Wednesday’s lesson compares Adventism with the nation of Judah before the Babylonian exile. Judah failed to repent and thus went into exile. Adventism, according to the closing thought question, has “been raised up to proclaim a message to the world that no one else in the world is proclaiming. In many ways that is very similar to what Judah was to do. What lessons can and should we learn for ourselves from their mistakes?”

Adventism cannot be compared to Judah. Judah was the southern kingdom of the nation of Israel. Scripture is full of the story of God’s choice of Israel for His own people from whom the Savior would come. Adventism, however, is not “God’s people”. Adventism is only one of a plethora of religious movements which developed out of the Millerite movement. It is not truly Christian; it believes in a weak and fallible Jesus and a false gospel. It has an extra-biblical prophet, and its central doctrine, the investigative judgment, is completely unbiblical. No one, including Adventist scholars who know the biblical languages, can derive the investigative judgment from Scripture.

Adventism, unlike Israel and the nation of Judah, was not raised up by God to proclaim an end-time message. It is proclaiming a unique message, to be sure—the investigative judgment is Adventism’s only unique doctrine; nevertheless, this doctrine is unique because it is the product of the founders of Adventism. It is not a biblical teaching.

It is illegitimate for anyone to look at Scripture and say they are God’s current replacement of Israel. Adventism especially cannot claim to be God’s last day movement because its doctrines are not biblical. No group that teaches a different gospel and an incomplete atonement can claim to be God’s movement. God does not raise up for Himself a movement that is antithetical to the doctrine of the atonement and justification in Christ’s blood.



Today’s lesson comments on the darkness and destruction that marked the end of the nation of Judah as the last wave of exile swept Israelites out of Israel and as the babylonians destroyed Jerusalem and the temple. The Ellen White quote at the end of the lesson states that God made clear His mercy and His “willingness to fulfill to His chosen people the promises recorded in the writings of Moses.”

The problem with this statement is that God’s promises to remove Israel from exile at the appointed time and to restore Israel in His own time were not conditional promises. These promises were unconditional; God would do what He said He would do, and His fulfillment of His promises did not hang on Israel’s performance or obedience. They were certain because God said He would do them.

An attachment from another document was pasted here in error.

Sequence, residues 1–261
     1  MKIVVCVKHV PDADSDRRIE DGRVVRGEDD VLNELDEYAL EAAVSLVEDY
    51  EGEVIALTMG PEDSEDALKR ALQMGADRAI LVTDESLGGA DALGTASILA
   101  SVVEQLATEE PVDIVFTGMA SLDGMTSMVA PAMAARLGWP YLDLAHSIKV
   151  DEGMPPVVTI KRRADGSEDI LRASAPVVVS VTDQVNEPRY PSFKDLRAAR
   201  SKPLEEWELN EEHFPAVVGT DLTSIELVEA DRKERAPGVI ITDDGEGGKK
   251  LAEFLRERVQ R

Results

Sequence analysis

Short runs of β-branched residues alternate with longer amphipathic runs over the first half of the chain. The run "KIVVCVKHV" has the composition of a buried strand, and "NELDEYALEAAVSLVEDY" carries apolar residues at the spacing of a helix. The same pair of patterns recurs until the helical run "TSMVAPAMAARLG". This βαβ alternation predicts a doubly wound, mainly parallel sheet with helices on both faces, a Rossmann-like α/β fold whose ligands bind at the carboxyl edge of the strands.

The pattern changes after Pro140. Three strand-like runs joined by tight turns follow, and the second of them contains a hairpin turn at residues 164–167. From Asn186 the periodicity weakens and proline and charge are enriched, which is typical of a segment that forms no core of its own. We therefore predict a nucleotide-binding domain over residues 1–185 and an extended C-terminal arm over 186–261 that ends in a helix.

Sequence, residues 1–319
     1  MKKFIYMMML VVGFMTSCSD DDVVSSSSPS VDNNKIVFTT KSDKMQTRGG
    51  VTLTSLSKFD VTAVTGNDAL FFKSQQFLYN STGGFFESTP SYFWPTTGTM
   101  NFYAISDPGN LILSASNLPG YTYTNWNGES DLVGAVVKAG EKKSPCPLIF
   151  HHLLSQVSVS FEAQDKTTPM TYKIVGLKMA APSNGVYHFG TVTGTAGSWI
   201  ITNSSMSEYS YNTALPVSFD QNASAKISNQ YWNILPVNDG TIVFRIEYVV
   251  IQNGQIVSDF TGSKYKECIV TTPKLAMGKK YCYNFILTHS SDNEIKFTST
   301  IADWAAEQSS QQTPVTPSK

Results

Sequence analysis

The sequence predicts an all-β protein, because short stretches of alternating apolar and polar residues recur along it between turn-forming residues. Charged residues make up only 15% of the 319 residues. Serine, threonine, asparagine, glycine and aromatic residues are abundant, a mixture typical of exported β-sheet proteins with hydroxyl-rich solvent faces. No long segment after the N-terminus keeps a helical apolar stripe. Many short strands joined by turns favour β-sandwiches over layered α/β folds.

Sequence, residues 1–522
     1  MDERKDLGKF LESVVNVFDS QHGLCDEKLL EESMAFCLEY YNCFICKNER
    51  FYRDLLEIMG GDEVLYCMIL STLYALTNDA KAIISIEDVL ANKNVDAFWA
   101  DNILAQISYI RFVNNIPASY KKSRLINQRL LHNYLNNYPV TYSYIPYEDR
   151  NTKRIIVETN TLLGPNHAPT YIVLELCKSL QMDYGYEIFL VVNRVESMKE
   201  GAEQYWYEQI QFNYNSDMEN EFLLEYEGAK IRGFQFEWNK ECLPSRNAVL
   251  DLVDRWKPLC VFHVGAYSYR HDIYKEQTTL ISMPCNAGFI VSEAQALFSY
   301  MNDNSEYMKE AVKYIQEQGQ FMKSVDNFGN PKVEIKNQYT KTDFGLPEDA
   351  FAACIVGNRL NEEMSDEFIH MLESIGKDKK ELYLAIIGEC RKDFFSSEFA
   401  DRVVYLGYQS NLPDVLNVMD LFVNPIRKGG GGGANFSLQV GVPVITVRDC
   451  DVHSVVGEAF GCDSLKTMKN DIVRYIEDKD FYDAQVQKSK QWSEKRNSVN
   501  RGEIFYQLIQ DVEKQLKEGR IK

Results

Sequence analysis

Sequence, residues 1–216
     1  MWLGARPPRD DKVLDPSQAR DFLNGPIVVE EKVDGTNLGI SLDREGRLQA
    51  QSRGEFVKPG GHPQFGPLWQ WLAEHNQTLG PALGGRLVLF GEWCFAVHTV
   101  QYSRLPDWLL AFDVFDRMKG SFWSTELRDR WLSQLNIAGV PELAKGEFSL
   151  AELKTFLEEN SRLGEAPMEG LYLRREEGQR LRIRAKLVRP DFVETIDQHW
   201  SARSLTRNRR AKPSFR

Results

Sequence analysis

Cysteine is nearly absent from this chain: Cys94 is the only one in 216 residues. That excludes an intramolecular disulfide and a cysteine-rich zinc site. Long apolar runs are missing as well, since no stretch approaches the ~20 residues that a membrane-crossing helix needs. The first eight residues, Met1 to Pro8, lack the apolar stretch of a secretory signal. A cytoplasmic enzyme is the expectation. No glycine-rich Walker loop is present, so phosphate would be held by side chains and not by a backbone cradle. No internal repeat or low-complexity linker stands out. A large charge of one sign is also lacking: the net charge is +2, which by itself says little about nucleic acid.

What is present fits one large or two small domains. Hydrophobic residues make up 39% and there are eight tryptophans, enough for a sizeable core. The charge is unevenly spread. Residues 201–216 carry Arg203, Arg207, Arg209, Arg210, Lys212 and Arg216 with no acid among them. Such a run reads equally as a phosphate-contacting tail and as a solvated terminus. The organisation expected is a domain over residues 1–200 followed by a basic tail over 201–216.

Adventism teaches that God’s promises depend upon human obedience and cooperation. In the cases of His promises which are not connected to a covenant that depends on human participation, however, God’s word is certain. We cannot thwart God’s plan or alter His timetable. He is sovereign over all creation.



Today’s lesson draws on Ellen White’s comments again, and she refers to “Heaven’s willingness to forgive and to save.” She consistently teaches that God’s grace is dependent upon our willingness to receive it. She completely misses the fact that Scripture teaches that God must intercept our spiritual death and bring us to receive the truth about Jesus.

Jesus said,

No one can come to me unless the Father who sent me draws him. And I will raise him up on the last day. It is written in the Prophets, ‘And they will all be taught by God.’ Everyone who has heard and learned from the Father comes to me—not that anyone has seen the Father except he who is from God; he has seen the Father (John 6:44-46).

The lesson reminds the readers that they have the Bible and the Spirit of Prophecy, a “wonderful gift”, that helps confirm Heaven’s “willingness to forgive and to save”. This statement reveals that Adventism is not biblical Christianity. Jesus is God’s final word (Heb. 1:1-3), and Ellen White consistently taught a different gospel and a different Jesus.

Instead of reading Ellen White and attempting to harmonize Scripture with her commentary, just read the Bible. It means what it says; the normal rules for reading literature apply to reading the Bible. Take the words at face value.

We are born dead in sins, and while we were sinners Christ died for us, causing us to be made alive while we were still sinners. But God sat us with Christ in heavenly places when we believed.

Scripture alone is all we need! Let your extra-biblical prophet go; the Lord Jesus is all we need!